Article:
Fourth, sadness because she was one of the few people from that life that I wanted to keep. And, I thought I would keep. I thought I was important enough to her that she would try. I think this makes me a bit angry too J.
Create the slices. Basically, all you’re doing is deciding how big each piece is. I’m going to create an actual pie.
Do you see how much more complex our emotions are? As I did this analysis (and it only took me a few minutes), I was able to identify something that needs to be addressed more seriously so it doesn’t grow roots: my anger with God feels very raw. I would not have identified this if I hadn’t taken the time to own the entire pie.
Now you get to own the whole pie. Take a few seconds (and that’s all it takes) to jot dot a sentence for each emotion – giving yourself permission to feel this way! It’s easy, it’s releasing and it’s even relaxing:
I sat in a group yesterday and one of the participants talked about her disappointment in a decision her son made. Within her explanation, she made two seemingly innocuous statements: “It’s not about him. It’s about me.” And “It’s not about the money, it was only $100.”
It dawned on me then that at least part of her upset was about him and it was about the money. AND THAT’S OKAY! It’s okay for our emotions to be about a lot of things. When I pointed this out, it was a revelation to her and to me. As soon as she said, “You’re right, at least part of my problem is that I’m angry we’re losing that money. I feel like I was manipulated and taken advantage of.” I asked her was it okay to feel angry about that? Her eyes lit up when she agreed that it was okay.
That’s the point of the pie.
Disclaimer – it’s okay to feel what we feel – it’s not necessarily okay to act in any way we want!
If you took the time to do this, can you feel that the strong emotion has diffused? You’ve made it manageable and acceptable!
Over the least 3 days I’ve had several people say something like …. “But, what will people think?” I personally have thought the following at least 20 times: “I’m scared to do it because of what people will think.”
I know what people think …ready? Please think _______________________________________. NOTHING!
Let me prove it!
Take a few seconds and think of all the things in your life that take your energy: your goals, responsibilities, aches and pains, dreams, regrets, worries, to-do lists, tasks that should be done but aren’t, habits you want/don’t want, that bowl you want to buy, what’s for dinner, those extra pounds. Go ahead and add your immediate family’s goals, dreams, worries, to-do lists, etc. This list is quite long and we will call it your Me-Myself-Mine.
Yesterday, I went to lunch with a sometime acquaintance and she told me a couple of things that had my eyebrows rise. Here is what I thought:
That’s kinda weird – ME-MYSELF-MINE – ME-MYSELF-MINE – ME-MYSELF-MINE – I don’t think that’s a good idea -- ME-MYSELF-MINE – ME-MYSELF-MINE – ME-MYSELF-MINE – ME-MYSELF-MINE – ME-MYSELF-MINE – ME-MYSELF-MINE – she’s just odd -- ME-MYSELF-MINE – ME-MYSELF-MINE – ME-MYSELF-MINE – ME-MYSELF-MINE – ME-MYSELF-MINE – ME-MYSELF-MINE – ME-MYSELF-MINE – ME-MYSELF-MINE – ME-MYSELF-MINE – ME-MYSELF-MINE – ME-MYSELF-MINE – ME-MYSELF-MINE – ME-MYSELF-MINE – ME-MYSELF-MINE – ME-MYSELF-MINE – I think that’s just wrong - ME-MYSELF-MINE – ME-MYSELF-MINE – ME-MYSELF-MINE – this person may be a bit crazy -- ME-MYSELF-MINE – ME-MYSELF-MINE – ME-MYSELF-MINE – this might be my last lunch with this person -- ME-MYSELF-MINE – ME-MYSELF-MINE – ME-MYSELF-MINE – ME-MYSELF-MINE – ME-MYSELF-MINE – ME-MYSELF-MINE –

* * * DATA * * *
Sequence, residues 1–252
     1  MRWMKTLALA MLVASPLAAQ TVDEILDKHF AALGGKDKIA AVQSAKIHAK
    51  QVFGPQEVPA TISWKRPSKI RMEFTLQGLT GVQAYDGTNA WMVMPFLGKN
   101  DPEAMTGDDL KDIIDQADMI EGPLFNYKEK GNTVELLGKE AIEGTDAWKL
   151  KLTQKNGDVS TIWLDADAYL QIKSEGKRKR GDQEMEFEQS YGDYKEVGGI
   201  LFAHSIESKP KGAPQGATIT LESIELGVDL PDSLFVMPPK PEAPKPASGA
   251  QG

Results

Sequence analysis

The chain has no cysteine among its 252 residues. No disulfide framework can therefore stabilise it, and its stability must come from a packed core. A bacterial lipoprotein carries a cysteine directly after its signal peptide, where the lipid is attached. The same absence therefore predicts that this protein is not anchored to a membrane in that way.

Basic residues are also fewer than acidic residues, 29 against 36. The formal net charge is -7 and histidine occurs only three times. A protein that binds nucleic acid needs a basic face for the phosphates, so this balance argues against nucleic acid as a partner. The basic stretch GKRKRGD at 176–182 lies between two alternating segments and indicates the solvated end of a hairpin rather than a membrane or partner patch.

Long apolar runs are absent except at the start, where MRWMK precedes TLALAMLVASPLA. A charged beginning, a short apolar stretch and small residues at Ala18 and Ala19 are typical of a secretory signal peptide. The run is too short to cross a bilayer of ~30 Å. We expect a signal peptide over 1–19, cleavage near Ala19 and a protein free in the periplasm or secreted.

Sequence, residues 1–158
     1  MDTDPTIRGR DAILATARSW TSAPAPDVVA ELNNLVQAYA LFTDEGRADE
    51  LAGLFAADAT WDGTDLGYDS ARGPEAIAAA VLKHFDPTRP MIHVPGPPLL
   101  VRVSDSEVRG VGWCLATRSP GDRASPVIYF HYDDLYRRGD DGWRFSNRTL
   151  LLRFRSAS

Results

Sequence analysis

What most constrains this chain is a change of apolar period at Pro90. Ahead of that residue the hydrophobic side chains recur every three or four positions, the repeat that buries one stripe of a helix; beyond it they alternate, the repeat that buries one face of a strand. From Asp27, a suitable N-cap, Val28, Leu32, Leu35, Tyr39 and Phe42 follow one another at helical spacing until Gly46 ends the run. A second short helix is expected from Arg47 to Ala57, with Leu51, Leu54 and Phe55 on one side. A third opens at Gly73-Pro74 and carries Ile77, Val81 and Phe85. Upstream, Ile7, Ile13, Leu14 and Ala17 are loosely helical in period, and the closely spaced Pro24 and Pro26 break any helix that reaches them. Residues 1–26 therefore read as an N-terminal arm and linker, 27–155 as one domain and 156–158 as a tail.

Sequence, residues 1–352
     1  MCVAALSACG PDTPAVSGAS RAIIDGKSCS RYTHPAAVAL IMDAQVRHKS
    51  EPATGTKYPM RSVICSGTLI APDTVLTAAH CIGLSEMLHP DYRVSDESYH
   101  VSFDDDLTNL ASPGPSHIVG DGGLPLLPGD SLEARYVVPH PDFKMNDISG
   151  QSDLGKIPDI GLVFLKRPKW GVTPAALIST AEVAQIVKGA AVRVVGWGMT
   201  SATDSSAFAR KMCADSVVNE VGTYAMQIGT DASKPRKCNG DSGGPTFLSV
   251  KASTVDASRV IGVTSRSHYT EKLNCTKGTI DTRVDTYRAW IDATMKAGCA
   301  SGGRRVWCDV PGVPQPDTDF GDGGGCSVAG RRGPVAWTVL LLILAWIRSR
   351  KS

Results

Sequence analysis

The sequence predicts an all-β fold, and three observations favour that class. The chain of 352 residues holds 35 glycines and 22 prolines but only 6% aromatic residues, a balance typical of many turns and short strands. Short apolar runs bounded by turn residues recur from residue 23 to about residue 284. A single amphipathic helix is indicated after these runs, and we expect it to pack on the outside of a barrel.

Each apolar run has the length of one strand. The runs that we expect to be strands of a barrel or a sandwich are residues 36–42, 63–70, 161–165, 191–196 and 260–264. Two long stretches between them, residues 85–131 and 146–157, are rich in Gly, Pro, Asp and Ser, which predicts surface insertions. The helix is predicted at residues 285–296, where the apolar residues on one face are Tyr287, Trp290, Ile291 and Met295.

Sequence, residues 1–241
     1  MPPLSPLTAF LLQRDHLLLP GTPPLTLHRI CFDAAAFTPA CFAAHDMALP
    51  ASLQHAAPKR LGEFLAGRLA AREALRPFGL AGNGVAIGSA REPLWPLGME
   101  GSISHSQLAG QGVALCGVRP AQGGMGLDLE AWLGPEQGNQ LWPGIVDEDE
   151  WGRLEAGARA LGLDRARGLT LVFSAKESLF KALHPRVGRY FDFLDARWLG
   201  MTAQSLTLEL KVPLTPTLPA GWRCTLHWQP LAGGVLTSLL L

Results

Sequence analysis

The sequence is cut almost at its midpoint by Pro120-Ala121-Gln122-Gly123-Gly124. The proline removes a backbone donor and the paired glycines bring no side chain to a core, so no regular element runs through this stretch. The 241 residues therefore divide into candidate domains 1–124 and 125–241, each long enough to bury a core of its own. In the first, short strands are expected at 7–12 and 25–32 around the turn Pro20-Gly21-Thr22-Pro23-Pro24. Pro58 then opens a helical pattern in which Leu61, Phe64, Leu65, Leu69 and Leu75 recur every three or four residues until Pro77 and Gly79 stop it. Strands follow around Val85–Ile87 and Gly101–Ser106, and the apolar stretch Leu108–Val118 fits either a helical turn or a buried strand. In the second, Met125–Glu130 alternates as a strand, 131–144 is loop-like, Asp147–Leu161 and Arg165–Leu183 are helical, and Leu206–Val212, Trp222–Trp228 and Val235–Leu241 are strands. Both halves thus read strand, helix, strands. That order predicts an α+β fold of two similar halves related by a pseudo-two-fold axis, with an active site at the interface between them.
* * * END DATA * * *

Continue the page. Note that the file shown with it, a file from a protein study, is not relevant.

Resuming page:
Get the idea? In a 90-minute conversation, she got about 45 seconds of my thoughts/judgments/assessments. We talked the entire time but with almost every topic, I re-wrapped it internally into my own me-myself-mine world. Certainly I’ve thought about our conversation since but only as it relates to how her ideas support my own needs and goals. I haven’t wasted time on judging HER … I’ve spent my time only thinking about MY desired role.
Now, this makes me sound like ALL I think about is myself …. I do think of others …. It looks like this:
I hope Sue’s doing well and she’ll call if she needs me -- ME-MYSELF-MINE – ME-MYSELF-MINE – ME-MYSELF-MINE – ME-MYSELF-MINE – ME-MYSELF-MINE – ME-MYSELF-MINE – ME-MYSELF-MINE – ME-MYSELF-MINE – ME-MYSELF-MINE – I hope Devin is safe and getting my letters -- ME-MYSELF-MINE – ME-MYSELF-MINE – ME-MYSELF-MINE – ME-MYSELF-MINE – ME-MYSELF-MINE – ME-MYSELF-MINE – ME-MYSELF-MINE – ME-MYSELF-MINE – I wonder if Terri is still going to South America -- ME-MYSELF-MINE – I think De might like this book -- ME-MYSELF-MINE – ME-MYSELF-MINE – ME-MYSELF-MINE – ME-MYSELF-MINE – ME-MYSELF-MINE – ME-MYSELF-MINE – ME-MYSELF-MINE – Ohh, I need to share this quote with Lisa -- ME-MYSELF-MINE – ME-MYSELF-MINE – I hope Misty is taking the time to get those supplies – I can’t wait to read Jeff’s first newsletter -- ME-MYSELF-MINE – ME-MYSELF-MINE – ME-MYSELF-MINE – ME-MYSELF-MINE – ME-MYSELF-MINE – ME-MYSELF-MINE – I hope Joan comes to the pool -- ME-MYSELF-MINE – ME-MYSELF-MINE – ME-MYSELF-MINE – ME-MYSELF-MINE – ME-MYSELF-MINE – ME-MYSELF-MINE – Jamie should have kept her mouth shut -- ME-MYSELF-MINE – ME-MYSELF-MINE – ME-MYSELF-MINE – ME-MYSELF-MINE – Oh crap, I forgot to do that thing for Sandy -- ME-MYSELF-MINE – that bathing suit should not be on that body -- ME-MYSELF-MINE – ME-MYSELF-MINE – ME-MYSELF-MINE – ME-MYSELF-MINE
Be honest – isn’t that what it looks like for all of us?
The point is that we spend so much time worrying about what other people are thinking …. BUT, other people are thinking about their own me-myself-mine. We have a limited amount of thought space and it’s easily filled with personal crap. As a matter of fact, even when you want people to think about you, they probably aren’t. There just isn’t time or capacity.
Next time you get wrapped up in worry about what other people are thinking, consider what you thought about each of the last several hours – it was about me-myself-mine, wasn’t it?
Today, I have to face my own “what will people think” fears – I have to put myself out there in a very vulnerable way! And, yes, I’m panicked about it --- even that worry, though, is really a me-myself-mine thought! I accept that I’m worried about it, I will continue to remind myself that people have bigger things to think about, I will ACT anyway!
Just after I hit save, I opened my email and found this:
“Most of us are experts at solving other people’s problems, but we generally solve them in terms of our own and the advice we give is seldom for other people but for ourselves.”Nan Fairbrother, The House in the Country